Words can’t do justice to how fun dune bashing is. You literally drive straight up 300 foot dunes and then straight down. And sometimes you drive off them sideways, so that so much sand is being displaced that you can’t see anything. It was simply awesome. Sadly I was too busy nearly soiling myself to take any decent videos/pictures.
After about 45 minutes of dune bashing we arrived at the same lookout as in morning for the sunset. This is the same place the evening camel ride meets, and unlike in the morning, there was now an army of camels.
The sunset was a beautiful ending to an amazing stay.
After the sunset we made the 10 minute drive back to the hotel, though only after restoring the tire pressure first.
We headed to bed fairly early, as we had a 6AM pick-up to Abu Dhabi Airport via Etihad’s complimentary chauffeur service.
Lastly I should mention that the hotel has a few dining venues. Prices are high given the location and that guests don’t have many options, but at least they have a handful of dining options and the food was fairly good. One night we had the Middle Eastern/international buffet at Al Maha, which was quite good, though pricey at $55+ per person.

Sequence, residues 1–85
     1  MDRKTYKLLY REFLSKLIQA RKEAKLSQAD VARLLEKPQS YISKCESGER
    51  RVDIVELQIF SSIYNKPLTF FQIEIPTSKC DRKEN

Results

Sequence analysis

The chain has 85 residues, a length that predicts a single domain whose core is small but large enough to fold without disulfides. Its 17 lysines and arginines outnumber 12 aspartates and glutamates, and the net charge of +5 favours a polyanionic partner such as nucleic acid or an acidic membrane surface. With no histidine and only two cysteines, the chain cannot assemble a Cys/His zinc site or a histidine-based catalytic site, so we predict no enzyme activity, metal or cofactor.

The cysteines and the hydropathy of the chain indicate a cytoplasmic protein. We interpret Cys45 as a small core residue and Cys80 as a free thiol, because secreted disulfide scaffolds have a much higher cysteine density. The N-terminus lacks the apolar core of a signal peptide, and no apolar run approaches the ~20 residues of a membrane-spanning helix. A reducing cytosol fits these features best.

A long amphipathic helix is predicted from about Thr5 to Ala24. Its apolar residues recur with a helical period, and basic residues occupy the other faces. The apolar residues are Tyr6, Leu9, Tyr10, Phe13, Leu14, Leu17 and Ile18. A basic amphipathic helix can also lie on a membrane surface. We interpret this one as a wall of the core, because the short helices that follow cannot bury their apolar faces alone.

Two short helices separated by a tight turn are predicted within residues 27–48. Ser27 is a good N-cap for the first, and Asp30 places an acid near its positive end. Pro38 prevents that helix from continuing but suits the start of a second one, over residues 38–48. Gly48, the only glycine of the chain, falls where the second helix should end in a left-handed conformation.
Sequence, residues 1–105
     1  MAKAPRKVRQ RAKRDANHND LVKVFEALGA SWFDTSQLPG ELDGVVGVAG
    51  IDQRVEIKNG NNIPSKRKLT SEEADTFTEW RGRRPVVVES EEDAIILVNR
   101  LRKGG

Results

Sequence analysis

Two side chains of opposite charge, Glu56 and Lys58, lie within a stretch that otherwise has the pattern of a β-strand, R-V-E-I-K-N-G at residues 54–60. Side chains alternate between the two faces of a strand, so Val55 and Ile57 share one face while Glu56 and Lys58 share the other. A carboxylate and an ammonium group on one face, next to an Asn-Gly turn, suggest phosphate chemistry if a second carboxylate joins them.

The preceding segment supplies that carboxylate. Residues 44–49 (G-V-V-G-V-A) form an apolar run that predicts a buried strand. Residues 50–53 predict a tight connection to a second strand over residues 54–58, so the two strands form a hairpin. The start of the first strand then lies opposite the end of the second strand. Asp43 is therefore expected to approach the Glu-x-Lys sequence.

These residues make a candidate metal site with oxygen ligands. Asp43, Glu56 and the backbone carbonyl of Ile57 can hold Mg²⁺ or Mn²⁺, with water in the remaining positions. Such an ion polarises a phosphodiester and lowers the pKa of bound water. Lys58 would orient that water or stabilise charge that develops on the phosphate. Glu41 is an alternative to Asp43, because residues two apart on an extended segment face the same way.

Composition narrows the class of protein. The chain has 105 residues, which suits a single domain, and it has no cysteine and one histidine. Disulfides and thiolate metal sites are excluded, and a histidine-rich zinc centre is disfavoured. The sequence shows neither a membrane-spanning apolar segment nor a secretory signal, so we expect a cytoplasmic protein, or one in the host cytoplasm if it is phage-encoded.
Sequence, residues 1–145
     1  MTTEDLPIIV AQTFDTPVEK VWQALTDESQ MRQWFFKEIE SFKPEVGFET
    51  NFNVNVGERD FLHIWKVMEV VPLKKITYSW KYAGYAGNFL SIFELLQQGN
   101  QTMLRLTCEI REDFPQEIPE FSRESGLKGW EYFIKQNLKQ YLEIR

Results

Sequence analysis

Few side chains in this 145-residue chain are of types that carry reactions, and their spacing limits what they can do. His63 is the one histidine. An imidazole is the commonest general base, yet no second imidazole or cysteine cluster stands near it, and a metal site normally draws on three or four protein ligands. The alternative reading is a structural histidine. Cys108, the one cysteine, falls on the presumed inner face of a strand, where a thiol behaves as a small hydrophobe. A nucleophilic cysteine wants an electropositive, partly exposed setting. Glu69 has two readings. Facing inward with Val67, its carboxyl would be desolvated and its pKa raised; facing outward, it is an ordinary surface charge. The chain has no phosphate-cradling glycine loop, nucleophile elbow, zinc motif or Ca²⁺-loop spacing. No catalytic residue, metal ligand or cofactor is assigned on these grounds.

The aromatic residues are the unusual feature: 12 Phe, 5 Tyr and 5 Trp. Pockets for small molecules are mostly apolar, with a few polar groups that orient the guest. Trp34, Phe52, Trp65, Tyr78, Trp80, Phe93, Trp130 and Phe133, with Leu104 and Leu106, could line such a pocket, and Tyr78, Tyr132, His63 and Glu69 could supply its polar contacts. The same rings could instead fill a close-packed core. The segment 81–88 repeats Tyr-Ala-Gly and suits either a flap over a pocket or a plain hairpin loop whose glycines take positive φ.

On the whole this was a beautiful resort and physically reminded me very much of an Aman (I stayed at Aman New Delhi, Aman-i-Khas, and Amanbagh while in India). In terms of service it definitely wasn’t in the same league as Aman, though. Most of the employees were friendly enough, though I still found service to be pretty in line with everything else I’ve seen in the UAE.
If going to the UAE a trip to the desert is a must. I don’t think it’s worth spending more than a couple of days there, though, since there’s only so much to do. I’d definitely return either here or to a similar desert resort at some point.